I saw this post on Tumblr, and it got me thinking. If you stop and mulled over what you’d do and what you’ll become if failure is impossible, the possibilities are endless! Let’s you and I travel back to my history of “failures” shall we? Just for fun. 😉
Now, what would I do if I had gotten that First Honor spot in kindergarten, instead of being second? I’d wager I’d still do what a five-year old me had done afterwards. I know nothing about academic honor then, only that it pleases my parents to no end. I still felt their pride for me when I went up that stage to receive my medal, so I guess being second does not make much difference to anyone back then – I was still known as a good student.
Six years later and you’d see me climb up the stage again to receive my Salutatorian honor medals. You see, my years spent in grade school was a constant battle for that first spot, and always ending up second-best. And you ask: What would I have done if I got that valedictory honor? With the wisdom of a 12-year old girl, I’d say I’d take advantage of that full scholarship that they offered in a private school in town. But then I’d have to study in a campus far from home, and I wouldn’t have met my crazy high school friends that I’m still in touch with til now. There might be other friends, but I have a feeling they’re not as good as the ones I’ve got. Why? Because getting that salutatorian spot humbled me. If I had not failed, I’d grow into a teenager with more pride that I’m supposed to have, being friendly with birds of the same feather. For my sake, I’m glad to land that second honor. 🙂
My high school Alma Mater, a public school, is as dear to me as an old home should be. It was there where I learned three things: resourcefulness, humility and patience. It has prepared me as best it could for the coming years, when I was not sure where and if I’m ever going to college. That’s one part of my circumstances that I won’t have to ask myself our main question – because I passed my university entrance exam without a hitch! 😛
College was supposed to be an easy ride. I only have to get good grades then graduate. That was my only goal when I entered my first class as a freshman. Along the way, I had a glimpse of a chance on a success I never dared to dream about. I clung on that chance and erected a higher goal. Unfortunately, a glitch in my freshman Sociology class came back to bite me in the butt. My GPA was just right there, and I was pulled down by a technicality. It was no one’s fault but mine. No matter that the ‘fault’ was done when I was going leisurely on my way to that first and only goal. That failure taught me to be bold and set my sights high, always high, because you’ll never know what opportunities might come and give you that higher knot in the rope you’re clinging to.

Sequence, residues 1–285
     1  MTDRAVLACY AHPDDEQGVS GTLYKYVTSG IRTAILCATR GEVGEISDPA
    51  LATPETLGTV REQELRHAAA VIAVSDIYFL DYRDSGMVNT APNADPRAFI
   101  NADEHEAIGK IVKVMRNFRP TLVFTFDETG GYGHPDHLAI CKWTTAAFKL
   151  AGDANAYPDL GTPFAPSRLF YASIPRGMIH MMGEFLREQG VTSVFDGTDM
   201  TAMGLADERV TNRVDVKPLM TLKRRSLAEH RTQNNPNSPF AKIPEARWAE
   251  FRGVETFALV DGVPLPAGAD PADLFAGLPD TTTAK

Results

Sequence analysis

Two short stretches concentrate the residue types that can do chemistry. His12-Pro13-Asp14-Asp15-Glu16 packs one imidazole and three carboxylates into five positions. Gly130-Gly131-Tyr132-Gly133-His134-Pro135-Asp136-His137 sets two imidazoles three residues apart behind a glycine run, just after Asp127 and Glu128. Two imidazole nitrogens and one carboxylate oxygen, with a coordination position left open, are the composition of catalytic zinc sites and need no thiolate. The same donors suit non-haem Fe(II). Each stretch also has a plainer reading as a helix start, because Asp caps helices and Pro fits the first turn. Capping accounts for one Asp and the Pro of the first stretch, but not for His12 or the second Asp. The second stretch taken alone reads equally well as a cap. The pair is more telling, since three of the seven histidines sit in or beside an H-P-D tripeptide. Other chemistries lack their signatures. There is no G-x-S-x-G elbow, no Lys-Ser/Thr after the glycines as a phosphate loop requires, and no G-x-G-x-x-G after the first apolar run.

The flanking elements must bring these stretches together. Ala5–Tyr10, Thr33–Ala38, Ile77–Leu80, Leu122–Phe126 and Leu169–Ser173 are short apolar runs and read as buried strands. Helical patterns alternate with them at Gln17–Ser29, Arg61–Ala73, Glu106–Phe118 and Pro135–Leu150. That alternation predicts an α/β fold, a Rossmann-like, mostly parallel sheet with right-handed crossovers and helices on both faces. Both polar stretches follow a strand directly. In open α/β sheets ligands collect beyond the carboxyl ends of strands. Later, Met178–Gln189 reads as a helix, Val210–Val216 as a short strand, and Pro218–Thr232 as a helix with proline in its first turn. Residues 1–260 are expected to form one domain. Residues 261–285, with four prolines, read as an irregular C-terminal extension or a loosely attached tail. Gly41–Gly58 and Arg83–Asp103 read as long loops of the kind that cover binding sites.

Again, what would I do if I had not failed to achieve that sweet Cum Laude title? I don’t know, really. I know what I’d feel, but I’m not sure what I’d do differently. I learned soon after graduating that the real world does not give as much big a deal to titles as they do to YOU and how you’ll carry yourself in front of people you want to impress, not to mention handling that job you’re aspiring for. The title might give me enough confidence to breeze through a few interviews, but who’s to know if confidence will make me pass through it successfully? For all we know, I might have still landed the same job I have today, but without learning the things I did when I failed to graduate with honors. I could live without the title, but not without the lessons I learned through failure.
There’s so much more that has happened, and I don’t have to tell you that everyday is still a battle for success – it always is. I have my goals, more adult ones and more painful if I failed. That’s why when I saw the text photo, the first thing that came to mind is “Oh gosh, if only that’s possible!”. I am as scared of failing as the next person, but when I go back and think of how much I learned and gained because success has been elusive, I can’t really say I have failed. It is an encouraging thought, and I cling to it when worse comes to worst. I raised my self to optimism, though, so I seldom reflect on not succeeding until after the fact.
Now, if from now on, I am cognizant to the fact that everything I do is a sure success…that’s a scary thought, but worth another blog post. I’ll sleep on it and write about my thoughts soon!
How about you? What would you do?